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Sidney W. Fox; Analyzed First Moon Rocks

August 18, 1998

Sidney W. Fox, 86, one of the first scientists to analyze moon rocks. Born in Los Angeles, Fox earned a degree in chemistry at UCLA and a doctorate at Caltech. He did postdoctoral work at the Linus Pauling laboratory and Pauling remained a lifelong friend and mentor. Fox worked at Cutter Laboratories, developing vitamin A isolated from shark livers to enhance night vision of pilots during World War II. An expert on proteins, Fox created a protein chemistry diagnostic laboratory at the University of Michigan Medical School, did research on fish meal protein for a fishery in Oakland and taught at Iowa State College. After nine years as director of the Oceanographic Institute at Florida State University, Fox moved to the University of Miami, where he spent 25 years as director of the NASA-supported Institute for Molecular Evolution. There he and his staff of researchers conducted analyses of the first rock samples brought back from the moon. In 1989, Fox moved to Southern Illinois University, and as an octogenarian moved to Mobile, Ala., in 1993 to continue his work as distinguished research scientist in the Department of Marine Sciences at the University of South Alabama. On Monday in Mobile.

Karl Hubenthal; Award-Winning Editorial Cartoonist

Karl Hubenthal, 81, syndicated editorial cartoonist for the Hearst newspapers and the defunct Los Angeles Herald Examiner. Hubenthal began newspaper cartooning in sports at the old Los Angeles Evening Herald-Express when he was 17. Within four years he was named sports cartoonist of the year at the New York World's Fair. He served in the Marine Corps during World War II and afterward worked as a commercial illustrator in New York and Los Angeles. In 1949, William Randolph Hearst personally persuaded him to become the chain's editorial cartoonist. His work appeared nationally for 33 years. Before his retirement in 1982, Hubenthal had earned the National Cartoonist Society's "Reuben" plaque seven times, Freedom Foundation medals 25 times, the National Headliners Award and the Helms Foundation medal. The cartoonist served as president of both the Society of Illustrators and the Assn. of American Editorial Cartoonists and was regional director of the National Cartoonists Society. His papers and most of his drawings are divided among the University of Wisconsin, Ohio State University and the International Museum of Cartoon Art in Boca Raton, Fla. During his retirement, Hubenthal turned to painting and displayed his work at galleries in California and Arizona. On Thursday in Los Angeles.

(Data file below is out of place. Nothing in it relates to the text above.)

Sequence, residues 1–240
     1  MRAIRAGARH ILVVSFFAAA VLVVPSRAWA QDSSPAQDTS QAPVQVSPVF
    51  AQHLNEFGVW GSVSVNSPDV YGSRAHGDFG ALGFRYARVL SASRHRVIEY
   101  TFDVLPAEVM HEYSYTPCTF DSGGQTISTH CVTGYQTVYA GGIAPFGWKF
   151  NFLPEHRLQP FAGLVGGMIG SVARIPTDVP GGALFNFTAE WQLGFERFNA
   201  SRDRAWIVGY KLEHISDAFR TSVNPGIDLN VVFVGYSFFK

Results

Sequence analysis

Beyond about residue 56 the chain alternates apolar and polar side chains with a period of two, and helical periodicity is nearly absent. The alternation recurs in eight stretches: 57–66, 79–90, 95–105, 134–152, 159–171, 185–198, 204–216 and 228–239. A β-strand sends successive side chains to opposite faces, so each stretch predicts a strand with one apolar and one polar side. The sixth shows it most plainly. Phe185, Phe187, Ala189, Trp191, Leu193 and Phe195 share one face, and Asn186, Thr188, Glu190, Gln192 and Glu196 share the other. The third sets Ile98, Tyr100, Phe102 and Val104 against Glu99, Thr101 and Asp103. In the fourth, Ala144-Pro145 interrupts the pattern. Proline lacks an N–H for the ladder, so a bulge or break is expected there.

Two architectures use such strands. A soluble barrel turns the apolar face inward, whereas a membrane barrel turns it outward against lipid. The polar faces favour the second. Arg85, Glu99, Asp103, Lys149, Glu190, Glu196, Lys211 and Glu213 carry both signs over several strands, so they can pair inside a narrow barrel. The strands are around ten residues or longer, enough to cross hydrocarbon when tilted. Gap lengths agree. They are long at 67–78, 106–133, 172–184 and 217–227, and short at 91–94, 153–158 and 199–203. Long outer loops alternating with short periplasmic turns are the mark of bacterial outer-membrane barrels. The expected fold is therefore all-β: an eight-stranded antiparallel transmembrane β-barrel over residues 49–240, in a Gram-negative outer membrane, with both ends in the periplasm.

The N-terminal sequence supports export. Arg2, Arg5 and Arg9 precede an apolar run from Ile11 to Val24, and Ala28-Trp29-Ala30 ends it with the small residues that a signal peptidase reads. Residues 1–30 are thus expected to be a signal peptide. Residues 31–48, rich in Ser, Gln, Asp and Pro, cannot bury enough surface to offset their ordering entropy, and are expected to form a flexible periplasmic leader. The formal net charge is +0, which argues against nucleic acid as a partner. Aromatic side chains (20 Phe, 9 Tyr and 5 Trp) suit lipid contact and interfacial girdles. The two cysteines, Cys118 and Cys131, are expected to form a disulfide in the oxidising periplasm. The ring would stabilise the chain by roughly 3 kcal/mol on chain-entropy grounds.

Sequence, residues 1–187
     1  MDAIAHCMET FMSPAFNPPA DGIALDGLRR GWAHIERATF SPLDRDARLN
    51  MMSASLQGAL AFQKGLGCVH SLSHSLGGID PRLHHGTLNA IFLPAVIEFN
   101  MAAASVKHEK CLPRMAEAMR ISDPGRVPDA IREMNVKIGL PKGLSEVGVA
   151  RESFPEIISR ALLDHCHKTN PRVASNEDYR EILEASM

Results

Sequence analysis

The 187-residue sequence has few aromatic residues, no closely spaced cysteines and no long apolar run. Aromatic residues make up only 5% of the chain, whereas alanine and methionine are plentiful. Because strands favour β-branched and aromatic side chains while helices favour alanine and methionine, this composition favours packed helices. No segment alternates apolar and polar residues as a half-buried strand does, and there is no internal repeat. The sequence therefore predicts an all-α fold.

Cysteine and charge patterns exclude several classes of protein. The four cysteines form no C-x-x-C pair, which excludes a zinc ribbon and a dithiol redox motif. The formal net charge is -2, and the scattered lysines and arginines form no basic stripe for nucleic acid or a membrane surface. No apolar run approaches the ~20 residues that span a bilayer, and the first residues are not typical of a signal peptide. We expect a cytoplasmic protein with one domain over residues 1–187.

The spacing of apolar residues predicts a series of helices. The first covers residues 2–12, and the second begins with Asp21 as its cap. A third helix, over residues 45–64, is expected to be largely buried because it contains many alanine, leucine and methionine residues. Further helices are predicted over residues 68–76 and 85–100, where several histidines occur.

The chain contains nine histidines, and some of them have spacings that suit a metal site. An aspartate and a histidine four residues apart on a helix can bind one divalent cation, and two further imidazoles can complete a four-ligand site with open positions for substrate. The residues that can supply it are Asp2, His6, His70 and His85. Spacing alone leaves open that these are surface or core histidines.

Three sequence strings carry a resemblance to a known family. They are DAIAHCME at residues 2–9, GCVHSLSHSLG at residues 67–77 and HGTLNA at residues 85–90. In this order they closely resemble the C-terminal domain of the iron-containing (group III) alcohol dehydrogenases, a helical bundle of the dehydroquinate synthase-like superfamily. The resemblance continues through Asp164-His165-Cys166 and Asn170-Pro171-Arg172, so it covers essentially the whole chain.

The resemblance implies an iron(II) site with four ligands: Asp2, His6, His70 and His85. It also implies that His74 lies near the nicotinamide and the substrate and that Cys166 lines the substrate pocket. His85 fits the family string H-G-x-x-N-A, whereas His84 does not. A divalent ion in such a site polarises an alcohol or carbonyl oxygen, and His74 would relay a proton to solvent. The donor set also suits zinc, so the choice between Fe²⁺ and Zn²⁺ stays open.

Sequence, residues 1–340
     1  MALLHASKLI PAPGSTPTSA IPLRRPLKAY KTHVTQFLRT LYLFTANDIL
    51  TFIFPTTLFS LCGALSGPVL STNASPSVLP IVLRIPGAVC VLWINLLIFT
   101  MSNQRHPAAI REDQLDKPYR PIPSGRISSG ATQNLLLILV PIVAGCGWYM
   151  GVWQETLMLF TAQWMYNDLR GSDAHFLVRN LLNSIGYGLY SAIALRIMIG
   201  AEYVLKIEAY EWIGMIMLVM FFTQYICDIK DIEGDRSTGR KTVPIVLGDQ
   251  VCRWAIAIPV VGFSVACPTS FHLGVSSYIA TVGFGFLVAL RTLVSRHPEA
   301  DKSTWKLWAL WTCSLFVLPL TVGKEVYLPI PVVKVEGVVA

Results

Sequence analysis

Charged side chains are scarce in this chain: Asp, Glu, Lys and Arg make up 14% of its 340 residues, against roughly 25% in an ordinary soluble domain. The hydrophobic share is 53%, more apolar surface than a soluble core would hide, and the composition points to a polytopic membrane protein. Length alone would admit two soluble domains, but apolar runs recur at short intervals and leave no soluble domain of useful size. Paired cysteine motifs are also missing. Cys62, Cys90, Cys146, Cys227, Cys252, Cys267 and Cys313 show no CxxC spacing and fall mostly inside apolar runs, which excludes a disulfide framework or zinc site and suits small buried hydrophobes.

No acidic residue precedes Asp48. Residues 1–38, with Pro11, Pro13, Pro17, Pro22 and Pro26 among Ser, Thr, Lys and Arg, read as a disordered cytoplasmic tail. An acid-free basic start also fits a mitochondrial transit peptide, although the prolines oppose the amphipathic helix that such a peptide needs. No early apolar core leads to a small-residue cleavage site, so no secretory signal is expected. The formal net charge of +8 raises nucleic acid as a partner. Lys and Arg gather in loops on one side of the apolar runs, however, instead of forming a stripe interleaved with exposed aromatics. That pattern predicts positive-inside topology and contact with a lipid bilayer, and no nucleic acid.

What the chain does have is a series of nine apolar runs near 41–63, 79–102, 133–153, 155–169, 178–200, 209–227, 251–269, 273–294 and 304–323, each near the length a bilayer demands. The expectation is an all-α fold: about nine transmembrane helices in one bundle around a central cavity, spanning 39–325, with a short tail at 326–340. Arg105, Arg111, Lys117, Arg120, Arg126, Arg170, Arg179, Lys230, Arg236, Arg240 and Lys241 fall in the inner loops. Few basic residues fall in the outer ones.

M. Jack London; Radio Executive, L.A. County Aide

M. Jack London, 81, radio executive and Los Angeles County aide. During World War II, London helped develop the Armed Forces Network, which provided radio entertainment for troops stationed in Europe. Years later, he became news director at Los Angeles' KABC Radio, earning several Golden Mike awards for the station during the 1970s. He also served as president of the Radio and Television News Directors' Assn. He moved into the public sector as field deputy to Los Angeles County Supervisor Baxter Ward, with whom he had worked in radio. London later worked as special assistant in the county Department of Public Social Services. He also taught journalism at Cal State Northridge. A resident of the San Fernando Valley for more than half a century, London was a major fund-raiser for charities, including United Way and the Brotherhood Crusade. On Tuesday in Los Angeles.

Miguel Ribera; Volunteer in Reno Latino Community

Miguel Ribera, 82, Reno restaurateur and philanthropist who aided Latinos. Ribera opened Reno's first Mexican restaurant in 1956. Still in operation, Miguel's Mexican Food is now run by his daughter, Antonia Parks. Ribera worked all his life to help other Latinos achieve their dreams. He gave a scholarship to Emma Sepulveda, enabling her to attend college; she is now a professor at the University of Nevada at Reno. Ribera also volunteered his time at an elementary school. His contributions were recognized last year when a park was named for him. A diabetic, Ribera lost both legs to amputation in 1996. On Friday in Reno of complications of diabetes.

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